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This table shows an automated computer PubMed search using the listed sub-heading term.

  • Therefore the list of references do not reflect any editorial selection of material based on content or relevance.
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Search term: Peripheral Nervous System Development

Nima Ghitani, Arnab Barik, Marcin Szczot, James H Thompson, Chia Li, Claire E Le Pichon, Michael J Krashes, Alexander T Chesler Specialized Mechanosensory Nociceptors Mediating Rapid Responses to Hair Pull. Neuron: 2017, 95(4);944-954.e4 PubMed 28817806

Annabel J Sorby-Adams, Amanda M Marcoionni, Eden R Dempsey, Joshua A Woenig, Renée J Turner The Role of Neurogenic Inflammation in Blood-Brain Barrier Disruption and Development of Cerebral Oedema Following Acute Central Nervous System (CNS) Injury. Int J Mol Sci: 2017, 18(8); PubMed 28817088

Eduardo Bondan, Carolina Cardoso, Maria de Fátima Martins Curcumin decreases astrocytic reaction after gliotoxic injury in the rat brainstem. Arq Neuropsiquiatr: 2017, 75(8);546-552 PubMed 28813085

Konstantin Rosich, Bishoy Hanna, Rami K Ibrahim, Daniel Joseph Hellenbrand, Amgad Hanna The Effects of Glial Cell Line-Derived Neurotrophic Factor After Spinal Cord Injury. J. Neurotrauma: 2017; PubMed 28795616

Marco Puthenparampil, Alberto Terrin, Lisa Federle, Matteo Gizzi, Paola Perini, Paolo Gallo Acute simultaneous development of brain tumour-like lesion and demyelinating polyneuropathy in a patient with chronic relapsing myelitis. Mult. Scler.: 2017;1352458517714610 PubMed 28795610


Search term: Dorsal Root Ganglia Development

Chang-Ning Liu, Edwin Berryman, David Zakur, Ahmed M Shoieb, Ingrid D Pardo, Magalie Boucher, Chris J Somps, Chedo M Bagi, Jon C Cook A novel endpoint for the assessment of chemotherapy-induced peripheral neuropathy in rodents: biomechanical properties of peripheral nerve. J Appl Toxicol: 2017; PubMed 28815646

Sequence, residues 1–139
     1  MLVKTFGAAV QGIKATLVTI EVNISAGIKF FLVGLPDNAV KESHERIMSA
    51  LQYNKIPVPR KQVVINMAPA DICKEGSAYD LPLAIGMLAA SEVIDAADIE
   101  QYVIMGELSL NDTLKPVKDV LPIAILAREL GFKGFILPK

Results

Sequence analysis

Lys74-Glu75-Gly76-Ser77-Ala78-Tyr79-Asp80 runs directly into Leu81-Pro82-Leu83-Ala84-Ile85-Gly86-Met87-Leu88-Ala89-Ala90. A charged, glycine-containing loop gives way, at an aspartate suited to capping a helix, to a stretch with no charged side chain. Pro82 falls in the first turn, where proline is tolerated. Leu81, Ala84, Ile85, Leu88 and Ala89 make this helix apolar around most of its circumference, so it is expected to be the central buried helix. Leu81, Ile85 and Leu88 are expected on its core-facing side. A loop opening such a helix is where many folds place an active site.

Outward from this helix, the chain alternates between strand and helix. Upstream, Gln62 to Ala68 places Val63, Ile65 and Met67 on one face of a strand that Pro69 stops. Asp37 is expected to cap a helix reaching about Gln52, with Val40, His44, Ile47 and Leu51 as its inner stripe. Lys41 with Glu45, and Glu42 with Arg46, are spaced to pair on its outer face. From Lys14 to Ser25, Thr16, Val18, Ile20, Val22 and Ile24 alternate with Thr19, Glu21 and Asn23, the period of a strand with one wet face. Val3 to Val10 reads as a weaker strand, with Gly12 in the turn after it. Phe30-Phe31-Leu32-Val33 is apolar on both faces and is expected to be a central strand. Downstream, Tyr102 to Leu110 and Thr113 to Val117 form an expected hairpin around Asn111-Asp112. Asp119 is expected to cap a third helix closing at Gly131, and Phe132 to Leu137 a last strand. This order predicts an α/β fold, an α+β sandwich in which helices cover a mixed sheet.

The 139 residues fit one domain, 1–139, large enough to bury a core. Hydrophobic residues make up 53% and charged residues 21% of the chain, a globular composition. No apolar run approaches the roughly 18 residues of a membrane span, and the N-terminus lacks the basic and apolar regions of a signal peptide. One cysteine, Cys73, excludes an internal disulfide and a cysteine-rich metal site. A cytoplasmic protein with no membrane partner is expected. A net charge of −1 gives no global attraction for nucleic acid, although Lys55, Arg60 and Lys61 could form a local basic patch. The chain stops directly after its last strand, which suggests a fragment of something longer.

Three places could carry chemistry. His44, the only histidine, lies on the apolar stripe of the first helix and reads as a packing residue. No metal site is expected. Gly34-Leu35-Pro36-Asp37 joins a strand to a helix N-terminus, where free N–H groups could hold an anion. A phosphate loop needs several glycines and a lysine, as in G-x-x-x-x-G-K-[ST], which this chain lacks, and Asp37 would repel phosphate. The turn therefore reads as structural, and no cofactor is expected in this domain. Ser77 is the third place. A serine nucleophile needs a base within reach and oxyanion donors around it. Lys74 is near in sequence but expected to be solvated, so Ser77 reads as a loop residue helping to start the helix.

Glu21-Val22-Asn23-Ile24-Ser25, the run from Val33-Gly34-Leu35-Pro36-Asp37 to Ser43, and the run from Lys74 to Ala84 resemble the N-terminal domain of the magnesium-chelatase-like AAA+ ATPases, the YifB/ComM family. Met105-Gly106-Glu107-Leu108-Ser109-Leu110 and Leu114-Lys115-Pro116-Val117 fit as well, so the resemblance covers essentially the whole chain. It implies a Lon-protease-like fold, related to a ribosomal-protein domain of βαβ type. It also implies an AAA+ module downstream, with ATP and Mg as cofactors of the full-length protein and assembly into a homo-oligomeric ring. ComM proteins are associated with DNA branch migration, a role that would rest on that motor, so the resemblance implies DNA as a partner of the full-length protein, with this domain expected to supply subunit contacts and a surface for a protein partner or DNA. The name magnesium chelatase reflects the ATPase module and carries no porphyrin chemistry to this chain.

Regina Hanstein, David C Spray The role of pannexin 1 in chemotherapy-induced peripheral neuropathy (CIPN). J. Clin. Oncol.: 2015, 33(29_suppl);6 PubMed 28148146

Mohamad-Reza Aghanoori, Darrell R Smith, Subir Roy Chowdhury, Mohammad Golam Sabbir, Nigel A Calcutt, Paul Fernyhough Insulin prevents aberrant mitochondrial phenotype in sensory neurons of type 1 diabetic rats. Exp. Neurol.: 2017; PubMed 28803751

Feifei Wang, Qianghua Wang, Chen Li, Panpan Yu, Yibo Qu, Libing Zhou The role of Celsr3 in the development of central somatosensory projections from dorsal root ganglia. Neuroscience: 2017; PubMed 28754314

Estrela Neto, Cecília J Alves, Luís Leitão, Daniela M Sousa, Inês S Alencastre, Francisco Conceição, Meriem Lamghari Axonal outgrowth, neuropeptides expression and receptors tyrosine kinase phosphorylation in 3D organotypic cultures of adult dorsal root ganglia. PLoS ONE: 2017, 12(7);e0181612 PubMed 28742111


Search term: Sympathetic Development

Julia J Müller, Matthias Schwab, Charles R Rosenfeld, Iwa Antonow-Schlorke, Peter W Nathanielsz, Florian Rakers, Harald Schubert, Otto W Witte, Sven Rupprecht Fetal Sheep Mesenteric Resistance Arteries: Functional and Structural Maturation. J. Vasc. Res.: 2017, 54(5);259-271 PubMed 28810262

Lisa Klingelhoefer, Heinz Reichmann The Gut and Nonmotor Symptoms in Parkinson's Disease. Int. Rev. Neurobiol.: 2017, 134;787-809 PubMed 28805583

Christopher T Leffler, Stephen G Schwartz, Ricardo D Wainsztein, Adam Pflugrath, Eric Peterson Ophthalmology in North America: Early Stories (1491-1801). Ophthalmol Eye Dis: 2017, 9;1179172117721902 PubMed 28804247

Riccardo Liga, Alessia Gimelli, Paolo Marzullo, Giuseppe Ambrosio, Matteo Cameli, Elisabetta Cerbai, Stefano Coiro, Michele Emdin, Rossella Marcucci, Doralisa Morrone, Alberto Palazzuoli, Anna Sonia Petronio, Ketty Savino, Luigi Padeletti, Roberto Pedrinelli, Società Italiana di Cardiologia, Sezione Regionale Tosco-Umbra Myocardial (123)I-metaiodobenzylguanidine imaging in hypertension and left ventricular hypertrophy. J Nucl Cardiol: 2017; PubMed 28798990